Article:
By the following day, Wednesday, my don’t-care view of a. fib. had been replaced by a cringing wariness. I walked around carefully, as if my heart were made of glass, and I was carrying it on a velvet cushion of my breathing. I felt whipped. The procedure had jangled my entire system, as I knew it would—any operation, no matter how minor, takes anywhere from a week to a month to recover from, and don’t let anyone tell you otherwise—but this particular event had left me shuffling around like an old man in bedroom slippers. Life in the household went on around me. I once knew a bunch of ageing rockers who decided to name their band Old And In The Way, and I knew just what that phrase meant.
Even walking up and down stairs took a certain deliberateness, as if I were carrying a loaded tea-tray in my chest—but once again it wasn’t when I was active that things went wrong. It was when I tried to be inactive.
The event started out around 10 p.m. like a no-account threat, a slight uncertainty. My heart stuttered, but then beat fine for half-a-dozen beats or so, then stuttered again, then picked up its rhythm once more. I walked into the bathroom, which seemed to throw things off balance a little more, and took a bath, which seemed to settle everything down completely. It wasn’t until I tried to lie down in bed that everything got out of control. For the first time I felt the familiar invasion, the abrupt manic whacking in my chest. I sat back in an armchair and laid my right palm over my heart, as if this would somehow offer it sympathy and encouragement, and slowed my breathing to cathedral calm. And for a while that worked.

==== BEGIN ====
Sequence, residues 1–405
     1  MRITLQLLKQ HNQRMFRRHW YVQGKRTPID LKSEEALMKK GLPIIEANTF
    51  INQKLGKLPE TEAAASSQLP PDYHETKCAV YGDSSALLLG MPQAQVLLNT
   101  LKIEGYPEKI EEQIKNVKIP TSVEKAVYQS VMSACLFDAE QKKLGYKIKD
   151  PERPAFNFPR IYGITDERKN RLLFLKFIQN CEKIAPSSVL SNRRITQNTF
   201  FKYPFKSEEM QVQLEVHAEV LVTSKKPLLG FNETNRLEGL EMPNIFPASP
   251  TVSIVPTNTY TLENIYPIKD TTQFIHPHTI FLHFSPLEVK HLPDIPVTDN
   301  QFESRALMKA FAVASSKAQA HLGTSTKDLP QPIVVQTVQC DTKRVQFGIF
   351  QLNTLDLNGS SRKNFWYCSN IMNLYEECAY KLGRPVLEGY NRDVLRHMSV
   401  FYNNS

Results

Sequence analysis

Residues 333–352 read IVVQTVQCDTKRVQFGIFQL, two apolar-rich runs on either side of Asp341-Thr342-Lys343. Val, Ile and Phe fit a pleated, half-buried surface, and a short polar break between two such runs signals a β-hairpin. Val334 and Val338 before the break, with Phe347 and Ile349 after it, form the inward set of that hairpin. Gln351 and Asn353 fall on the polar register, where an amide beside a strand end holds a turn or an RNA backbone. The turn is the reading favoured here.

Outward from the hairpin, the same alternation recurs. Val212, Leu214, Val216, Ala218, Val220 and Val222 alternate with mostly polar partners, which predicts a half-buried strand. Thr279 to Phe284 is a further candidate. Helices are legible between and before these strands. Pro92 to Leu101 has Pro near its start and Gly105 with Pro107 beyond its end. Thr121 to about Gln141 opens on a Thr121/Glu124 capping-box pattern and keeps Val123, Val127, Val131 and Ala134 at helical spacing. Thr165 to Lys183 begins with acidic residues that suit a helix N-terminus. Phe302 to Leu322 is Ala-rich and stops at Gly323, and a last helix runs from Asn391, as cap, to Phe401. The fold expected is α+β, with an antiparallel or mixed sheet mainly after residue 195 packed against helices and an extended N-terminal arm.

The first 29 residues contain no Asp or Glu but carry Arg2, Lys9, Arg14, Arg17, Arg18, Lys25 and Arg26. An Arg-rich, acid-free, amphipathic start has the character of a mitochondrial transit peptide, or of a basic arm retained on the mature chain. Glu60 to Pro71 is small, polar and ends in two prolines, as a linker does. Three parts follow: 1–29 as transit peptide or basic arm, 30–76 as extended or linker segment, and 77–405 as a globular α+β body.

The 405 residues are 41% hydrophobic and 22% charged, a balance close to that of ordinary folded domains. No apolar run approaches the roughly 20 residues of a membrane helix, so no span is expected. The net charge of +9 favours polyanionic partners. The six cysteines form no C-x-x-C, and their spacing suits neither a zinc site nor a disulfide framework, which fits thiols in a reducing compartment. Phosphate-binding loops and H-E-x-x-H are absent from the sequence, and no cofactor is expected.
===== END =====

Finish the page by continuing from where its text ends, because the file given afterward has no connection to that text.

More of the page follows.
Over the next twenty minutes, though, the tension and the stakes rose. By 11:30 I felt as though I were in a medieval morality play in which the stage represents Everyman’s soul, which in turn is the battlefield on which the forces of chaos strike at the forces of order, trying to overthrow them and establish violence and despair.
My heart beat normally for four or five beats, sometimes as many as thirty, but then a kind of invasion took place: my arms felt as if they needed to flail or twitch, and this current converged on my heart, which abruptly went into spasm, beating hard and fast, feeling less as if it were beating and more as if it were being beaten. These were heartbeats that had nothing to do with circulation of blood: they were a kind of war drum, or a great gate being battered. My chest and throat constricted, and that sense of squeeze rose into my ears, which grew hot, and my head. I felt dizzy, and head a soundless buzzing. And yet this most extreme symptom was the sign that everything was passing, because the energy, like a tiny, vicious whirlwind, seemed to rise out of the top of my head, leaving silence and calm behind, and when I recovered and looked around—well, inside—the attack was over, and my heart was like a mild sea breaking at the foot of the castle walls.
During the attacks, I felt so besieged I couldn’t speak, and had to give Barbara instructions in sign language. As soon as it had passed, though, I had the absurd sense that I was talking as casually as a Noel Coward character, sitting in a drawing-room armchair, wearing a dressing-gown and mildly waving a cigarette-holder to make his points.
After about an hour and a half, I quit trying to fight this battle on my own. I got Barbara to drive me to the hospital again.
It was like Homecoming Weekend. I was delighted to see the action-figure silhouette of Dr. Peter Weimersheimer, who greeted me like the artistic director of a summer-stock theater company greeting one of his New York actors, back for another season on the rural boards.